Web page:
13. An internal combustion engine according to claim 12, wherein said cylinder block is configured in a V configuration.



14. An air inlet system according to claim 12, wherein said at least one resonator and said intake manifold system are unitary.

15. An air inlet system according to claim 12, wherein said at least one resonator comprises a tuning volume which also receives crankcase gases from a gas/oil separator associated with a CCV system within the engine, with said tuning volume having an outlet passage for conveying said crankcase gases to said inlet duct, while communicating fluidically with said inlet duct.

Description:

CROSS REFERENCE TO RELATED APPLICATIONS

None.

BACKGROUND OF THE INVENTION

1. Field of the Invention

The present invention relates to an internal combustion engine having an air inlet system with one or more resonators for controlling noise emissions from the engine.

2. Related Art

The development process for modern automotive internal combustion engines typically includes a good deal of work directed to developing an appropriate sound output characteristic for an engine. The development process often includes use of one or more resonators in the engine's air inlet system to achieve noise emission characteristics appropriate for the engine and vehicle in question. Of course, resonators require package space in an underhood environment of a vehicle, and add weight and material cost.

It would be desirable to provide a resonator which combines functional attributes of more than one component, while being packaged in a convenient fashion with an engine, and at minimal weight.

SUMMARY OF THE INVENTION

According to an aspect of the present invention, an air inlet system for an internal combustion engine includes an inlet duct for drawing charge air into an engine, and a charge air processor for conditioning air flowing from the inlet duct. An intake manifold system receives charge air from the charge air processor. The intake manifold system provides charge air to the power cylinders of the engine. At least one resonator suppresses pressure pulses within the inlet duct. At least one resonator is mounted to the intake manifold system but has a tuning passage for connecting the resonator's tuning volume to the inlet duct. According to another aspect of the present invention, the resonator is fluidically isolated from the intake manifold system, but communicates fluidically with the inlet duct.

According to another aspect of the present invention, the charge air processor may include a turbocharger, or an intercooler, or both.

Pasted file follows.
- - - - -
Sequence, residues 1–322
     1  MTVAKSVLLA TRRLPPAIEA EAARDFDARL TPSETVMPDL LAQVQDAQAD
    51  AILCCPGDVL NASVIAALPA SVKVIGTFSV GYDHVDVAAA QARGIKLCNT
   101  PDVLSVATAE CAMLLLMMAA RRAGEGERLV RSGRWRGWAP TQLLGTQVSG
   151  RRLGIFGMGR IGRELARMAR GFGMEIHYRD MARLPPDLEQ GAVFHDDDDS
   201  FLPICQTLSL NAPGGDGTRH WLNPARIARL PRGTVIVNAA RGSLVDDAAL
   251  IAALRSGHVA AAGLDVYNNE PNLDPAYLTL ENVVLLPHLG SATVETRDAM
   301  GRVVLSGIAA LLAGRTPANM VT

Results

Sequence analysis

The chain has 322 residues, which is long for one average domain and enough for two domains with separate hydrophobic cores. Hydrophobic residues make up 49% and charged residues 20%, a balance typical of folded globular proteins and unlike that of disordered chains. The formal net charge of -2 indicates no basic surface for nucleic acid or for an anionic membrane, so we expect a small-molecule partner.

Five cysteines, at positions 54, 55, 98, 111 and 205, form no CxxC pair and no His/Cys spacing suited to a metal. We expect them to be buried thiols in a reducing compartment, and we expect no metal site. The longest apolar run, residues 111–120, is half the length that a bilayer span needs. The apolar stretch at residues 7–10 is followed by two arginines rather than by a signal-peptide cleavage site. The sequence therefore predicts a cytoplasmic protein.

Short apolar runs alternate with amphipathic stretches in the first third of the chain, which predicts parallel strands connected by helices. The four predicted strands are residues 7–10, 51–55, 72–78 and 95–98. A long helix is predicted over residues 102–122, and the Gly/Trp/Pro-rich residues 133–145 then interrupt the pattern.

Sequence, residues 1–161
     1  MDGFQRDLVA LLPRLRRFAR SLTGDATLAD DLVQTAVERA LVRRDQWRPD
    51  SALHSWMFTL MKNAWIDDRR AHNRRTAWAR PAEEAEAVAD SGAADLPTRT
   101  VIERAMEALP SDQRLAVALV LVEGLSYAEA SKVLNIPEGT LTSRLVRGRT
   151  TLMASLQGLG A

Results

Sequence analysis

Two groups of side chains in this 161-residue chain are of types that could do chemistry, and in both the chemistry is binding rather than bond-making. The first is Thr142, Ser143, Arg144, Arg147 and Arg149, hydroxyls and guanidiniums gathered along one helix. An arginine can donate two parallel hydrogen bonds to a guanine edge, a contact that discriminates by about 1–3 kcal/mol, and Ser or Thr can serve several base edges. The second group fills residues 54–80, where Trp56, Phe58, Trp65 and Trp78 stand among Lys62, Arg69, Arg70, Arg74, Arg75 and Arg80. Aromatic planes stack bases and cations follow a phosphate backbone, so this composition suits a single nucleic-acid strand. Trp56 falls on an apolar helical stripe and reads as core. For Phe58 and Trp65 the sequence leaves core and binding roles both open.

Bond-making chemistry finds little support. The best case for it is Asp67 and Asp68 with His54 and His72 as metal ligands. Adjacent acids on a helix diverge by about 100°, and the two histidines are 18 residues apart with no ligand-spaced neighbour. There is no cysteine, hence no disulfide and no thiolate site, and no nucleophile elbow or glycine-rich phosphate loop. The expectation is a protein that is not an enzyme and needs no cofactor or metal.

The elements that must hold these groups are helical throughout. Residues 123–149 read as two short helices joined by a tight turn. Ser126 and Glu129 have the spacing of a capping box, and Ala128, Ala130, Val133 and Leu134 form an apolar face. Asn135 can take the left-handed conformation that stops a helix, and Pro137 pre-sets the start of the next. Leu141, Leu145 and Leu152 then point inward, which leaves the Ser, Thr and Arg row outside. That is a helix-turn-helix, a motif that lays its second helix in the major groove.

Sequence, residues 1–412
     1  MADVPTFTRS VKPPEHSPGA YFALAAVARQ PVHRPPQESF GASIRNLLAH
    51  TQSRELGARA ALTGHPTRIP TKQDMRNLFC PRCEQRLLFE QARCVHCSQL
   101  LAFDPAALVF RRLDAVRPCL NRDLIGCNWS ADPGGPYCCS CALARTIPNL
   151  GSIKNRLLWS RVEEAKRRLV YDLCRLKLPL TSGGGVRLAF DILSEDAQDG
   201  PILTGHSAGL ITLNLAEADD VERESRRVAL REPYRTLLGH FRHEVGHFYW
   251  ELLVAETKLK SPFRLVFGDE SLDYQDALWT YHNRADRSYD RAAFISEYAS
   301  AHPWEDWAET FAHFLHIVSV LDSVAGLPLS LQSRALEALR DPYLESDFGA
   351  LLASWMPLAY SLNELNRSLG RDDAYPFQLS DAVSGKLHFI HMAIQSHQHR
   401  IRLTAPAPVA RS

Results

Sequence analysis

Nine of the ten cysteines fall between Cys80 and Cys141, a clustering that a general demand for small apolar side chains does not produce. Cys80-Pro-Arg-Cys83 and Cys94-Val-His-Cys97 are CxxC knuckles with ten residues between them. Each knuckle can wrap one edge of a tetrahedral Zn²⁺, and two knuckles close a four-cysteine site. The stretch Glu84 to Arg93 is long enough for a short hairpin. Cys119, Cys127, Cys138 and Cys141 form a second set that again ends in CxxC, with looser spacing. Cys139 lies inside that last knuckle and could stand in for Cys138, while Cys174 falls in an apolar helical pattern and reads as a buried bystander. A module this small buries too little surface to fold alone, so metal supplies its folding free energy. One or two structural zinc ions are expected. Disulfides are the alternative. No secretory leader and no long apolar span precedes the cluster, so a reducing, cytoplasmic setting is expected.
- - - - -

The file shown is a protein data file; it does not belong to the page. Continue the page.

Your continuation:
According to another aspect of the present invention, a resonator conducts crankcase gases from a gas/oil separator to an air inlet duct. The resonator suppresses pressure pulses within the inlet duct so as to modify the engine's sound emission signature, to achieve a desired tuning.

According to another aspect of the present invention, an internal combustion engine includes a cylinder block, a number of power cylinders located within the cylinder block, and a crankshaft mounted within the cylinder block. Pistons are mounted within the power cylinders upon connecting rods. An inlet duct draws charge air into the engine. A charge air processor including a turbocharger and an intercooler conditions charge air flowing from the inlet duct. An intake manifold system receives charge air from the charge air processor and provides charge air to the power cylinders of the engine. At least one resonator suppresses pressure pulses within the inlet duct, with the resonator being mounted to the intake manifold system and with the resonator communicating fluidically with the inlet duct, while being isolated fluidically from the intake manifold system. The cylinder block may be configured in a V configuration, and an additional resonator may be coupled to the intake manifold and the air inlet duct.

Is an advantage of an air inlet system according to the present invention that resonators may be provided in a compact fashion, with a V-block engine having an air inlet system nestled in the V defined by the cylinder banks of the engine.

It is another advantage of an air inlet system according to present invention that resonators may be fabricated from lighter weight material commonly used for an intake manifold system, as opposed to forming the resonators from heavier materials, such as metals, which are commonly used for more highly stressed portions of an air intake system.